U.S. says not supporting PKK/PYD elements in Syria's Afrin
The spokesman of the United States-led coalition against Daesh Col. Ryan Dillon said Tuesday that Syria's northern Afrin region was not a part of the U.S.' area of operations against the Daesh terror group and that it does not support the People's Protection Units (YPG) elements in the area.
The mission of the U.S.-led international coalition is to defeat Daesh in designated areas of Iraq and Syria, which does not include the northern Syrian area of Afrin, according to the coalition spokesperson.
"The Coalition's mission has not changed: to defeat ISIS [Daesh] in designated areas of Iraq and Syria and set conditions for follow-on operations to increase regional stability," Ryan Dillon, spokesman for the US-led coalition, officially known as Combined Joint Task Force - Operation Inherent Resolve (OIR), said in a written statement sent to Anadolu Agency.
His statement came in a response to Anadolu Agency's question as to whether the U.S. or the coalition would support Afrin, where a Turkish operation is being seen as imminent, based on statements by Turkish leaders.
"We are not operating in Afrin. We are supporting our partners in defeating remaining ISIS [Daesh] pockets along the Middle Euphrates River Valley, specifically in areas north of Abu Kamal, on the eastern side of the Euphrates River," Dillon added.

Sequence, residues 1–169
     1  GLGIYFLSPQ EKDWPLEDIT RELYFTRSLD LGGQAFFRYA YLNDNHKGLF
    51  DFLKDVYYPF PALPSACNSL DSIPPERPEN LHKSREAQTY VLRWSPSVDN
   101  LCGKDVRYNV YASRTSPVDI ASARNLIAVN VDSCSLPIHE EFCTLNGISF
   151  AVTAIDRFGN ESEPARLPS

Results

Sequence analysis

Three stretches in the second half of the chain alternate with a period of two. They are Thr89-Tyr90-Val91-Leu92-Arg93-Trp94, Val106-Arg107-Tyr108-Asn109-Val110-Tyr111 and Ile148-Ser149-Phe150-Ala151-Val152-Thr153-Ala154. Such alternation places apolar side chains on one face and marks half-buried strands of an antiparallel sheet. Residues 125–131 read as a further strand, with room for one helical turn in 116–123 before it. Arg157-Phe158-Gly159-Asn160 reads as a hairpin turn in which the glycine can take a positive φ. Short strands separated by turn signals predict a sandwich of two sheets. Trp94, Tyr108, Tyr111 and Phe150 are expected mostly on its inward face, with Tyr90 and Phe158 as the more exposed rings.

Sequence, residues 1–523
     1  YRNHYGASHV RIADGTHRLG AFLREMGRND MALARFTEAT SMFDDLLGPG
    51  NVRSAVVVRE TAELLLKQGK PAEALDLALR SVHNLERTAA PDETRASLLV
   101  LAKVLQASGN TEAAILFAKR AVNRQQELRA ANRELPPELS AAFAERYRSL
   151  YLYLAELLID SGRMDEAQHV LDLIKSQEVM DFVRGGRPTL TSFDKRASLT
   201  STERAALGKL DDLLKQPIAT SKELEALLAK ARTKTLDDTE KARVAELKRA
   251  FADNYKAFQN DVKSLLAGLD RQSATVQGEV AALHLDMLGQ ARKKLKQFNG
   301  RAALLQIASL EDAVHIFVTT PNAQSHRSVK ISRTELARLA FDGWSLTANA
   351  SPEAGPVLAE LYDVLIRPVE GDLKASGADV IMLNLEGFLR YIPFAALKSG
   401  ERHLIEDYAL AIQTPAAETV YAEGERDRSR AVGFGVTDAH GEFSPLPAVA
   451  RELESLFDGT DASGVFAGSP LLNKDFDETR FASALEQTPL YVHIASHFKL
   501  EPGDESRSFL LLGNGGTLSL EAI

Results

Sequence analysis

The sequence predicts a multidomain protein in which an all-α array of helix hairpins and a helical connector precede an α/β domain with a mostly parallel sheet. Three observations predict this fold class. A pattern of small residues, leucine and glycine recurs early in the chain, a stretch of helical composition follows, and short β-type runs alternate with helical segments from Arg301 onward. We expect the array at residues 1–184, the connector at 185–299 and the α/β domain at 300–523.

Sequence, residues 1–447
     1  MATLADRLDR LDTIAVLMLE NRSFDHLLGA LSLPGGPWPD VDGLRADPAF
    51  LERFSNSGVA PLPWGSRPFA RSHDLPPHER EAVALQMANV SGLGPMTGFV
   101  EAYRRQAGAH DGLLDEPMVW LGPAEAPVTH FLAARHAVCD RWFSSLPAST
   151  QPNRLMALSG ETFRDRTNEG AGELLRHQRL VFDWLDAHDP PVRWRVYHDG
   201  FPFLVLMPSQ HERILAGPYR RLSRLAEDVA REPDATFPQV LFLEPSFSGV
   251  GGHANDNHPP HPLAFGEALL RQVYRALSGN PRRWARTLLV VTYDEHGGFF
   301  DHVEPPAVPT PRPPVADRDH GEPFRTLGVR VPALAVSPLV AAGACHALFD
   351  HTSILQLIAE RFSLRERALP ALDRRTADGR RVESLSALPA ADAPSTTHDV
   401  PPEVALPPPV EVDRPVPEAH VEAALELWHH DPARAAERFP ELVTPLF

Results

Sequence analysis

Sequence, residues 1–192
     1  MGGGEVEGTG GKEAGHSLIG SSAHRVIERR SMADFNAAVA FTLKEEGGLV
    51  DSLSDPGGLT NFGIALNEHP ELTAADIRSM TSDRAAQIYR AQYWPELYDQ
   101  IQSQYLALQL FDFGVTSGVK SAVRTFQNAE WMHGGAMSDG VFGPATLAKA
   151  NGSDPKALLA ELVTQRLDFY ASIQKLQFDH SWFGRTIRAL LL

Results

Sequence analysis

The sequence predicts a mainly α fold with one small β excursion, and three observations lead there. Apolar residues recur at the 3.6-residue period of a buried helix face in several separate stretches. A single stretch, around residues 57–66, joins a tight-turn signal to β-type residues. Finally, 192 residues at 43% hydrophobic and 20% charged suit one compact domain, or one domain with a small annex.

Dillon spurred controversy on Sunday by announcing that the coalition will establish a 30,000-strong new border security force with the SDF in Syria -- a U.S.-backed group that is largely controlled and manned by the PYD/PKK terrorist group, an offshoot of the terrorist PKK.
Turkey slammed the announcement, saying that PYD/PKK poses a threat to Turkey's national security and that it would take all necessary measures.
There are currently 8,000-10,000 terrorists in Aleppo's Afrin region -- a region bordering Turkey's Hatay and Kilis provinces -- which has been besieged by PYD/PKK terrorists.
After Turkey pointed out that the region was a nest for terrorists, the terrorists have taken to hiding out in shelters and pits in residential areas of Afrin.
Turkey has long protested U.S. support for the PYD/PKK, while Washington has brushed off its status as a PKK offshoot, calling it a "reliable ally" in its fight against Daesh in Syria.
Listed as a terrorist organization by Turkey, the U.S. and the EU, the PKK has waged a terror campaign against Turkey for more than 30 years, leading to the deaths of more than 40,000 security forces and civilians, including more than 1,200 since July 2015 alone.